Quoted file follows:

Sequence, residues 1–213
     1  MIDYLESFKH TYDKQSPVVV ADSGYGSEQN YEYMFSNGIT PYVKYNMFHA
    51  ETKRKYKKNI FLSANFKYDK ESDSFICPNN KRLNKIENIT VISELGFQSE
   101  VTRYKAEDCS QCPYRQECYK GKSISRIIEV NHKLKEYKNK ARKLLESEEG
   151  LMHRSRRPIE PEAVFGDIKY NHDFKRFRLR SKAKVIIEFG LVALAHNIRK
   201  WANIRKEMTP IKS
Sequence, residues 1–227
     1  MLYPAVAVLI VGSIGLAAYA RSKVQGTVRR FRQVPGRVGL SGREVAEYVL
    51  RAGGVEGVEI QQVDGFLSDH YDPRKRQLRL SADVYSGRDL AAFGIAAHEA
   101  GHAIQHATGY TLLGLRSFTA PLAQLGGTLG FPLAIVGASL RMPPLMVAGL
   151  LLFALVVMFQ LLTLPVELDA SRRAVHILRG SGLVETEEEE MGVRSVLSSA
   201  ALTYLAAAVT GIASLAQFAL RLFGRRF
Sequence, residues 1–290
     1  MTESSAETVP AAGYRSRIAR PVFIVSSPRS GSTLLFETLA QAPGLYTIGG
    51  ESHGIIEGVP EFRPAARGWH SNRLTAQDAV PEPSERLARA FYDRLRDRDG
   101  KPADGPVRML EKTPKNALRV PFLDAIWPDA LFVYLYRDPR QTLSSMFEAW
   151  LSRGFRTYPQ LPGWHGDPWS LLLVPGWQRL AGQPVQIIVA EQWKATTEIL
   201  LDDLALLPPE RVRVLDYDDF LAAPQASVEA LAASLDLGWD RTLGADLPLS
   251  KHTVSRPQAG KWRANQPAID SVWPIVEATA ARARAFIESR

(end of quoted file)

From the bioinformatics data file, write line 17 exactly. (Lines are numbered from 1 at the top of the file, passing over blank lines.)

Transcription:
   151  LSRGFRTYPQ LPGWHGDPWS LLLVPGWQRL AGQPVQIIVA EQWKATTEIL